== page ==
Anonymous suffered a severe blow this year when its top ranks were infiltrated by law enforcement officials.
However, the collective has apparently reorganized itself, which is illustrated by the emergence of at least one new cell known as Malicious Security (MalSec).
According to The New Scientist, Malicious Security - which seeks to return to collective’s decentralized roots - will "go for the win" without causing collateral damage.
"I don't think Anonymous will go down that cult of personality route again," one veteran Anon told the publication.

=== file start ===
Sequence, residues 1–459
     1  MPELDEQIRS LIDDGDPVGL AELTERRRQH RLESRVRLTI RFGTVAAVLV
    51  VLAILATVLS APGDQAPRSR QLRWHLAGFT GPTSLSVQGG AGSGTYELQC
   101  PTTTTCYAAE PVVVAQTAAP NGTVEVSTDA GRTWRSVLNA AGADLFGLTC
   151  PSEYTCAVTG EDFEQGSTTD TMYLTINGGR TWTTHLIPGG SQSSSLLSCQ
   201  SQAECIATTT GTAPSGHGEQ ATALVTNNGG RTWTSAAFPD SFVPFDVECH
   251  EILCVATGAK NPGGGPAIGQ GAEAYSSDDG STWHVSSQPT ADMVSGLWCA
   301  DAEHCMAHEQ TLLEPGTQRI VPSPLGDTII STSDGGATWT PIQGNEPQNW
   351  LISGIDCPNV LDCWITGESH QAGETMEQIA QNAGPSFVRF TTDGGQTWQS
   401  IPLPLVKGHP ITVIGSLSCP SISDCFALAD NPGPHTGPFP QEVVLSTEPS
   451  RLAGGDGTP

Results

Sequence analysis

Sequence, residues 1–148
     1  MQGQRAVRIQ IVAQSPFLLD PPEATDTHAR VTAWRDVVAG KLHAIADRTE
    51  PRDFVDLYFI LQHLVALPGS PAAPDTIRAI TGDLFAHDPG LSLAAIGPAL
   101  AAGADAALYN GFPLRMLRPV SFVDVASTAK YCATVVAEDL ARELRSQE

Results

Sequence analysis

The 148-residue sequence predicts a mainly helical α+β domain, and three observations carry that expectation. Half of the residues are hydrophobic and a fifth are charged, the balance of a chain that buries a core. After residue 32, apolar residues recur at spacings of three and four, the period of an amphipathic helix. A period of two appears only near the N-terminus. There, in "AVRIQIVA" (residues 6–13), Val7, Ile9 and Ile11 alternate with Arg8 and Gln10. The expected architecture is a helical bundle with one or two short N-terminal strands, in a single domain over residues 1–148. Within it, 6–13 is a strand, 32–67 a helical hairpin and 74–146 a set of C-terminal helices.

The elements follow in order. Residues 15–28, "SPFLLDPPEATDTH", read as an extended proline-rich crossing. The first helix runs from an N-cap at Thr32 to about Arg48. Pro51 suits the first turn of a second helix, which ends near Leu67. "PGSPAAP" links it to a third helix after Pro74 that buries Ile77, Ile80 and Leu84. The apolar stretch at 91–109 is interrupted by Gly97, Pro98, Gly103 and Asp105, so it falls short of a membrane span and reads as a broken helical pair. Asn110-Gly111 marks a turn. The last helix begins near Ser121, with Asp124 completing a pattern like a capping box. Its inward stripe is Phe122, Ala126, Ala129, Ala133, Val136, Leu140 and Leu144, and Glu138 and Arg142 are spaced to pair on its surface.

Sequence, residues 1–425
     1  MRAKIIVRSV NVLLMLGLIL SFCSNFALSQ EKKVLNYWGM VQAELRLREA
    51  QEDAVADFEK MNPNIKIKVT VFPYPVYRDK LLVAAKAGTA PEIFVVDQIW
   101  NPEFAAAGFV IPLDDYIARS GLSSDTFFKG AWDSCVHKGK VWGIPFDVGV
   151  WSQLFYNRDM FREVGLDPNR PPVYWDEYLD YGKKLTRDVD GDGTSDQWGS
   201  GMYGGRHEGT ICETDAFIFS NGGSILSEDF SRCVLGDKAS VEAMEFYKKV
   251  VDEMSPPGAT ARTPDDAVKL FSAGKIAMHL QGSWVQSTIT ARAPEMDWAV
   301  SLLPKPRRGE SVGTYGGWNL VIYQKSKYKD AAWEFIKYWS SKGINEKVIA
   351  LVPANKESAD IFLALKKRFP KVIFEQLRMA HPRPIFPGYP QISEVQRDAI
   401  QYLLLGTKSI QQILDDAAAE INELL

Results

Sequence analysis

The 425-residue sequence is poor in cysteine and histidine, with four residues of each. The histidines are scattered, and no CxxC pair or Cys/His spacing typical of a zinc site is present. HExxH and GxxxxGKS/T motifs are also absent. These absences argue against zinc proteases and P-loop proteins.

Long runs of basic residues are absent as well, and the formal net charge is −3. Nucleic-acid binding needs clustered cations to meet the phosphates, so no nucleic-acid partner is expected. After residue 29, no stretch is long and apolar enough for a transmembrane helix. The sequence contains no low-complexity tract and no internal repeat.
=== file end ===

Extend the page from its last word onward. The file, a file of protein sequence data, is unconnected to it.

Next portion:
"The collective is returning to its original concept of loosely associated individuals that temporarily unite for a common cause and disband the moment the mission is complete, making them difficult to pin down and even tougher to identify. We've learned an important lesson."
Discordian, another member of MalSec, expressed similar sentiments.
"The previous hacker groups were very hypocritical, censoring people in an effort to stop censorship... We fight for the people, not against them."
It should be noted that MalSec has already claimed credit for a number of hack and extract attacks against diverse targets, including two banks, a New Jersey police department, the European Commission's Eurofound body and Chinese government sites.